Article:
Tim spent a year in college before taking a year off to build alfalfa pelleting plants with his father fulltime. He planned to earn a degree in engineering, but CW Mill Equipment was so busy, he took a pause to help and never resumed his formal education. “They don’t teach you this in college,” said Tim.
Moreover, courses he completed in college – business law, drafting, public speaking, and economics – were chosen deliberately because he expected they would help him in business. Even so, Tim continued to pursue his passion for engineering, working as shop manager at CW until 1995.
Today, sales are a big part of Tim’s responsibilities. And there’s a strong familial tie there: Tim’s father started out as a field service man in 1948 and later became involved in the manufacturing and selling of feed processing equipment. By 1967, Clyde was an owner of an alfalfa pelleting plant.
With incorporation in 1973, CW Mill Equipment began building alfalfa pelleting plants for customers which lead to building tub grinders. By the 1980s, a machine built exclusively for grinding wood waste was on the product roster. The timing was purposeful and opportune as the farm sector was sluggish then, explained Tim.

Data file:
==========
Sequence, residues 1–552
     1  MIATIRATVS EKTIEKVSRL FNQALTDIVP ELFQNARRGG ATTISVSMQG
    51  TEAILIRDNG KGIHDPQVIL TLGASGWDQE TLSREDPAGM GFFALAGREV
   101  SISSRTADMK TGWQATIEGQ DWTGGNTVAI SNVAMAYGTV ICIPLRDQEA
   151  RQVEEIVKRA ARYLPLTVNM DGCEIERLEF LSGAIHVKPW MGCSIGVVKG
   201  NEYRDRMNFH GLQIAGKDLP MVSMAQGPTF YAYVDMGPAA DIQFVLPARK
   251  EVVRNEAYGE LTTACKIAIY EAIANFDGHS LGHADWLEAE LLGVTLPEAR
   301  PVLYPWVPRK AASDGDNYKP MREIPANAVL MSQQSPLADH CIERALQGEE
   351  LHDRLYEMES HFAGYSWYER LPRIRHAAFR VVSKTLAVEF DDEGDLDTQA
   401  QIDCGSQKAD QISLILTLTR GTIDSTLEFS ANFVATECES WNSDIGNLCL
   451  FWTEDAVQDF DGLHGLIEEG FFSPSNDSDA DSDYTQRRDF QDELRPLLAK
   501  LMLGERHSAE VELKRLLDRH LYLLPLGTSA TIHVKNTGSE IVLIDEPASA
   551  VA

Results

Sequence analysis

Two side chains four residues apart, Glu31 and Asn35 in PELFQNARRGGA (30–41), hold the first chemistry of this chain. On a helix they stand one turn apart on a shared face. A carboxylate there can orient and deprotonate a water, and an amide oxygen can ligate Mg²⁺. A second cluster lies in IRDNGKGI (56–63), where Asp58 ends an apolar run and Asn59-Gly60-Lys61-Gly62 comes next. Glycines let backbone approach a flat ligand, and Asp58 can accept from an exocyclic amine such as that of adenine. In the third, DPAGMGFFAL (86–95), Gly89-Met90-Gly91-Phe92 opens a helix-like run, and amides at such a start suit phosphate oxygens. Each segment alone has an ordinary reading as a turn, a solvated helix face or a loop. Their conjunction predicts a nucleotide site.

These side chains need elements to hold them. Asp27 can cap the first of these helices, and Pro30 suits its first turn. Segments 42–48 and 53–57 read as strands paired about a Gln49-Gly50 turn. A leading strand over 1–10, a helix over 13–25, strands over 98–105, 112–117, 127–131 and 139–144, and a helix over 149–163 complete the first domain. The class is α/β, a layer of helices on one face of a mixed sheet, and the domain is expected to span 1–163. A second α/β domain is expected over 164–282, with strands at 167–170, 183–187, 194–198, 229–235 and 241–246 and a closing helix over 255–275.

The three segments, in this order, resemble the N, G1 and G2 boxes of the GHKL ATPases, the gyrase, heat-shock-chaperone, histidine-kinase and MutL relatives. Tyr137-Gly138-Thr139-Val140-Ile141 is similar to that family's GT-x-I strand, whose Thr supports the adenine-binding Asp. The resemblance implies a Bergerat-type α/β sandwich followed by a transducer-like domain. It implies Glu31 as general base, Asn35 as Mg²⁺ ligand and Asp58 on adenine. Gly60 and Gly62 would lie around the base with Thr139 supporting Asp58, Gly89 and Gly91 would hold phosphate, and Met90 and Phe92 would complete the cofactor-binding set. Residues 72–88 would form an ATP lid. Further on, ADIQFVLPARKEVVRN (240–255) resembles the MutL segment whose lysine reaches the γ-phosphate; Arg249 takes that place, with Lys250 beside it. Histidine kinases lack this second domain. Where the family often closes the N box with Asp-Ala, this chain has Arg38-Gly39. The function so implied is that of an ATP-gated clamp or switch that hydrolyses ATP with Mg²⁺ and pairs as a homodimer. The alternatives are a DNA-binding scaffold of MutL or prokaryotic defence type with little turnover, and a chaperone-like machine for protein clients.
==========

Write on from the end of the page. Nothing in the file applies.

The first dedicated wood grinder from CW went to a customer in Maine. That customer had owned a stationary electric tub grinder for paper grinding and asked CW for a machine designed specifically for wood. By doubling the thickness of the metal used on their hay grinders and making other modifications, the earliest prototype for the HogZilla was in place. Clyde and Tim both guessed approx. 32-36,000lbs, but the 1st HogZilla weighed 76,000lbs, with current models weighing 92,000lbs. “We design by overkill engineering, if there is such a thing,” said Tim.
There were plenty of modifications to follow, explained Tim. For example, the dry clutch used on all of the early wood grinders from CW and everyone else was the weakest link for the way customers used their grinders. Watching torque converters being used to crush rock led CW to design a grinder around this technology.